Finding the sweet spot for fertilizer

ST. PAUL, Minn. - A new report shows global use of fertilizer is growing and so are levels of greenhouse gasses.

A University of Minnesota research team is mapping areas where fertilizer is being overused.

"Some places are using too much and some places could use a lot more. If we could get more places to the sweet spot to use the right amount then that would have beneficial impacts for food production and for the environment." said James Gerber, a scientist at the University of Minnesota.

Gerber and his team recently published their work in the scientific journal; Global Change Biology. They discovered areas in Asia and the United States where too much fertilizer is being used, and areas in northern Africa which could use more.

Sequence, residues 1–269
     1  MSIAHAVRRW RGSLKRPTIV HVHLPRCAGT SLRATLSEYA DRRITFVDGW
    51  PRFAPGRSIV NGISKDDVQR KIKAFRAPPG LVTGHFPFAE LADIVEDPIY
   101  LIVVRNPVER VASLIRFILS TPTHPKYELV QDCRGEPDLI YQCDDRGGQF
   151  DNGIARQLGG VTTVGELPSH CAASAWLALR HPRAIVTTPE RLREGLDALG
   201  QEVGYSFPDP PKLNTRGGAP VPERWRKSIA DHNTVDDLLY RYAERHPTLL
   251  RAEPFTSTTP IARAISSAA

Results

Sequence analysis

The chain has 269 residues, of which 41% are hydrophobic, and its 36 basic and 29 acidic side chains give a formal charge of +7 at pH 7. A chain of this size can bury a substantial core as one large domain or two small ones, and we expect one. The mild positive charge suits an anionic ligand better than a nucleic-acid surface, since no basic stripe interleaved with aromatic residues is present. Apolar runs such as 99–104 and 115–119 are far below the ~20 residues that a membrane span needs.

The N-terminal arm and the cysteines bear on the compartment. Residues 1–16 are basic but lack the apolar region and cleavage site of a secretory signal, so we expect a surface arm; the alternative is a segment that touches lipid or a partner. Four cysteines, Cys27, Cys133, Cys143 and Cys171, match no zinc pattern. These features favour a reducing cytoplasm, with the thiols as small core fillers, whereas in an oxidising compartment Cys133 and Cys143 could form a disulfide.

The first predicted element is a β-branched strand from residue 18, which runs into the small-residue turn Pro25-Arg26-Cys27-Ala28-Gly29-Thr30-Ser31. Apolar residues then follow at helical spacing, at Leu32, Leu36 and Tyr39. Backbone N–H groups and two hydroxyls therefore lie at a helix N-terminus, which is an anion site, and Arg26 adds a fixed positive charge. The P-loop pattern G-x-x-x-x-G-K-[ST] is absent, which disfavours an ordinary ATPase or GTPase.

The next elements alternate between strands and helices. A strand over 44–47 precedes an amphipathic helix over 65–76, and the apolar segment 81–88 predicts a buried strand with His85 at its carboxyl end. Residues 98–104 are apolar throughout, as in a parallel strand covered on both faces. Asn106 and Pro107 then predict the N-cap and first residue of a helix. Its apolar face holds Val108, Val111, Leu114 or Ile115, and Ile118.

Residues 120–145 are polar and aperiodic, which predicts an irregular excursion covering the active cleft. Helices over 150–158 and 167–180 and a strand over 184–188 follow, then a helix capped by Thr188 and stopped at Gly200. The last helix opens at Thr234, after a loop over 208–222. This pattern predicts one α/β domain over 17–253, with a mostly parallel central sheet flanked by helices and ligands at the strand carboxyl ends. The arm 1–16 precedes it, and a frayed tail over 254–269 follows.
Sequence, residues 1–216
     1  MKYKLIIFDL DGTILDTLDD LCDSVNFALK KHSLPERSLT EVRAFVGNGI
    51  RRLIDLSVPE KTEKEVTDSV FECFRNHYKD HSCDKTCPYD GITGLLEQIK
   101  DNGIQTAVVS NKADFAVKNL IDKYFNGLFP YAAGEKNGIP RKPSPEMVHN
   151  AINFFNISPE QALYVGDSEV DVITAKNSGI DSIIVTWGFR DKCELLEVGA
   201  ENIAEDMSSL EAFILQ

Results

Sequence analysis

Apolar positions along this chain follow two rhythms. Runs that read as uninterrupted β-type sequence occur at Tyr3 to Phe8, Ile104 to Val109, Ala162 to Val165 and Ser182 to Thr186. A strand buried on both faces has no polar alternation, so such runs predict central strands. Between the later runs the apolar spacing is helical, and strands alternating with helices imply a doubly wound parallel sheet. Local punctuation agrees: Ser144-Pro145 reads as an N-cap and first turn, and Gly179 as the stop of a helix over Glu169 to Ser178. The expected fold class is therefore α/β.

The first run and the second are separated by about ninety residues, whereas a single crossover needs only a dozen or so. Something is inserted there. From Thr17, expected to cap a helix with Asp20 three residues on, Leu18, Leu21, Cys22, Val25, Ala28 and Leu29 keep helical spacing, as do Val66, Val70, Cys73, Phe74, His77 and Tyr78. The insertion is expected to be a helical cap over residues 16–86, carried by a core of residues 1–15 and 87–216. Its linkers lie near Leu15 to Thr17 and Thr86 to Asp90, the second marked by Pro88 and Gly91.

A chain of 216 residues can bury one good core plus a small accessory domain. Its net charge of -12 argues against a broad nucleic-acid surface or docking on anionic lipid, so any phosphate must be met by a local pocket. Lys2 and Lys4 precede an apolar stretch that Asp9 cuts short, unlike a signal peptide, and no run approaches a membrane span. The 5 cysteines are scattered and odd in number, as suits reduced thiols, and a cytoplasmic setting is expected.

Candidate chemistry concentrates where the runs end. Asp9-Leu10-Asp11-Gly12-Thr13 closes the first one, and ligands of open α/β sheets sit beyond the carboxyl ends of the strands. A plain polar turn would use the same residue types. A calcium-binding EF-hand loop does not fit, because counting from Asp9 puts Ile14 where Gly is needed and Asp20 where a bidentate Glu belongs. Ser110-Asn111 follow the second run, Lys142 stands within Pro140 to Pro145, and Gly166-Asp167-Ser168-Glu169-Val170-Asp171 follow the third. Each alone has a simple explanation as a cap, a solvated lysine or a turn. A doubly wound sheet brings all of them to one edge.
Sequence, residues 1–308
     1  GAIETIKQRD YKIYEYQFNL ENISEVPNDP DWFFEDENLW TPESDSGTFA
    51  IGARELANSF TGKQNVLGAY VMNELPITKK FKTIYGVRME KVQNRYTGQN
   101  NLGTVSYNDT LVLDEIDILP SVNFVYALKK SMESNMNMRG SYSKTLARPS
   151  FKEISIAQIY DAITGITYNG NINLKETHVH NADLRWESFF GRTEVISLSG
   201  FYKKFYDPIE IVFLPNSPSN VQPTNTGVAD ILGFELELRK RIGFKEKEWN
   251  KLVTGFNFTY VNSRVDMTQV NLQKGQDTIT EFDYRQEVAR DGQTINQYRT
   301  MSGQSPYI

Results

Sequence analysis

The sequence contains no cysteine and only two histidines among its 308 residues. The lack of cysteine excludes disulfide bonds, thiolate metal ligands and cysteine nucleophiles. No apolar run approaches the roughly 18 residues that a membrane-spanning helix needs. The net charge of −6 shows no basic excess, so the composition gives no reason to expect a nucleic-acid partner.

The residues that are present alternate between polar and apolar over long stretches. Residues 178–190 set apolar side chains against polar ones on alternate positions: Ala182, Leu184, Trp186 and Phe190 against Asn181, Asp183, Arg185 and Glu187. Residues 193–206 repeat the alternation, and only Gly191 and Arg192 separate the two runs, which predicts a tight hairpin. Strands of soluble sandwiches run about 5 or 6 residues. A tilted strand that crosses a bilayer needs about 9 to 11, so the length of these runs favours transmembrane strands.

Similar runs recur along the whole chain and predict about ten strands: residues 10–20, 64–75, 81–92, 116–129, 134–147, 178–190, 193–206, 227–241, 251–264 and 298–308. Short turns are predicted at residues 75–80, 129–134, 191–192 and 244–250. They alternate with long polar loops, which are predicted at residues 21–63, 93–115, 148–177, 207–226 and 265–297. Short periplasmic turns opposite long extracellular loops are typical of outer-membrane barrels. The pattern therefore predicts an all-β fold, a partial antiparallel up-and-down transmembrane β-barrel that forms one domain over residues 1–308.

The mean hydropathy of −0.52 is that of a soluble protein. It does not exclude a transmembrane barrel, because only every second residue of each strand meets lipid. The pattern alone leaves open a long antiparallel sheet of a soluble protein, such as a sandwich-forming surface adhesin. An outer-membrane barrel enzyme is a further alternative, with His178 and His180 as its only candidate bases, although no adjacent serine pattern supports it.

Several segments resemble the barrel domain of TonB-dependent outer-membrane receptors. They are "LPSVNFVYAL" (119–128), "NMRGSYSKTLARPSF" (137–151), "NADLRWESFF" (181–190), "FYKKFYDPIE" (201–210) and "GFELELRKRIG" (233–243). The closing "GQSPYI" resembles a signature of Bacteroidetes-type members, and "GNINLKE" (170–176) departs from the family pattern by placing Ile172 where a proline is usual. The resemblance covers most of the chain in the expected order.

"You can't do away with nitrogen even though I am talking about it as a pollutant. It is crucial for growing the crops that we need to feed ourselves and feed the world." said Gerber.

Nitrous Oxide is created by over application of fertilizer in the soil. According to Gerber, N2O can stay in the atmosphere for hundreds of years. Today, close to 60 percent of N2O human caused emissions comes from agriculture. The U research team hopes to provide a better education of fertilizer and its use.

 


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